On the east coast, fleet watchers have been eagerly awaiting the arrival of A Shortfall of Gravitas (ASoG). SpaceX CEO Elon Musk announced on Twitter earlier this year that a new droneship was under construction to support Falcon Heavy missions where both side boosters require a droneship.
Additionally, having two east coast droneships would enable a faster launch cadence. Afterall, it can take over a week for OCISLY to support a single recovery attempt. Therefore, if SpaceX wants to perform two missions requiring an ASDS landing in a short period of time, another droneship would be required.
However, it is now understood that the construction of ASoG has been temporarily paused.
The pause makes sense when considering SpaceX’s 2019 manifest. Earlier this year, the company’s president Gwynne Shotwell told CNBC that next year will see a decrease in the company’s launch cadence. The slip is due to a decline in the number of large geostationary communications satellites needing a launch.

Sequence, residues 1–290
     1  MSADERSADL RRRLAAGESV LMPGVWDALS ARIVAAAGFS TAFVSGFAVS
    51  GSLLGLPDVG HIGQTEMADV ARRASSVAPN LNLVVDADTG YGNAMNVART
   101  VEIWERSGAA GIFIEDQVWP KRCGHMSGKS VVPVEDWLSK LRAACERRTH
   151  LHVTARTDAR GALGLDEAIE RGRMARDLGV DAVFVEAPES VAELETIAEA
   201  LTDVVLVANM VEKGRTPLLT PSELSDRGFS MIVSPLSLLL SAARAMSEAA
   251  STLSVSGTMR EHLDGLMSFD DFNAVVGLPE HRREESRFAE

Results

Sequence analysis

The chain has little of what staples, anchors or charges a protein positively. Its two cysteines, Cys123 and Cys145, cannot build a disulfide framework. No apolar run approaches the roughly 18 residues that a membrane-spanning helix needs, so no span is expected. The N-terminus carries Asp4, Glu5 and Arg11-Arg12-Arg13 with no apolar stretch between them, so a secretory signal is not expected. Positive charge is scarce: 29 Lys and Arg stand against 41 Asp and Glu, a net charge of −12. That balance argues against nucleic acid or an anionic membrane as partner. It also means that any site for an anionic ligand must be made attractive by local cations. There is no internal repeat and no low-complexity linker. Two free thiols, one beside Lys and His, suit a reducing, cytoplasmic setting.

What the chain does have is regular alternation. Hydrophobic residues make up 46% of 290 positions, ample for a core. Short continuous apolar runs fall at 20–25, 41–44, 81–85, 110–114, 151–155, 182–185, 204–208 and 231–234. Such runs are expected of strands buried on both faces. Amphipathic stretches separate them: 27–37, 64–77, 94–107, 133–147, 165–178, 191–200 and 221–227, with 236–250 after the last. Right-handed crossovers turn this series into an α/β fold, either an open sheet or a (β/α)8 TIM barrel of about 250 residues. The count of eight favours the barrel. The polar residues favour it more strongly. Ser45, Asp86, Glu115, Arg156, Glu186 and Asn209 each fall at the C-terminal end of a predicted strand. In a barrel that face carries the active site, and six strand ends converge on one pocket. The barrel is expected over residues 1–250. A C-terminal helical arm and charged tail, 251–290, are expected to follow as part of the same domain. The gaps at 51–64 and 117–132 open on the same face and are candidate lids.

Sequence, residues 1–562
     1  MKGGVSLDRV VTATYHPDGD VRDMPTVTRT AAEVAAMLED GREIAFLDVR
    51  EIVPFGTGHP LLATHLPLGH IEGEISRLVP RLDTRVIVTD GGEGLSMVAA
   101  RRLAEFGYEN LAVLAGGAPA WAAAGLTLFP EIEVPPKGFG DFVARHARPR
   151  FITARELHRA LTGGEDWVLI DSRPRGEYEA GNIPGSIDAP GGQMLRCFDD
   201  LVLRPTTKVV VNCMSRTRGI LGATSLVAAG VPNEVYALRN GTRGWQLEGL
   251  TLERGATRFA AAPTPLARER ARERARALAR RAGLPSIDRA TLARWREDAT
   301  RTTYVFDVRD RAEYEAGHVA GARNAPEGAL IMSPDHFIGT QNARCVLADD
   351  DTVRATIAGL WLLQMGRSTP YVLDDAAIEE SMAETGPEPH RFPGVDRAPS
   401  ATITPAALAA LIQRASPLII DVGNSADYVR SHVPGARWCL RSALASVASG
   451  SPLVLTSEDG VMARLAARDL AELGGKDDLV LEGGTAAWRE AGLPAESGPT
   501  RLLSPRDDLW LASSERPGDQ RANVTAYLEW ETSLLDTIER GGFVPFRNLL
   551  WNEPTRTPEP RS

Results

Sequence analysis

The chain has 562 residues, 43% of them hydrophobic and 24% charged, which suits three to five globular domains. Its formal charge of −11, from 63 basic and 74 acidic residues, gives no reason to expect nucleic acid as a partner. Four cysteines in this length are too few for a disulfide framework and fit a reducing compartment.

Missions to a geostationary transfer orbit make up the majority of launches requiring a droneship recovery. Therefore, it is unlikely that two east coast droneships will be needed to support Falcon 9 over the next year or two.
Furthermore, there are also no known Falcon Heavy missions which would require the side boosters to land on droneships. With this in mind, there does not appear to be a short-term need for ASoG.
That being said, it is understood that ASoG remains part of SpaceX’s long-term plans.
Currently, SpaceX’s Dragon cargo capsules return to Earth via parachute and splash down in the Pacific Ocean. They are then hoisted aboard NRC Quest – the same crew boat used to support JRTI.
Next, after being unloaded at the Port of LA, Dragon is sent to SpaceX’s test facility in McGregor Texas. From there, Dragon returns to the Cape for its next mission.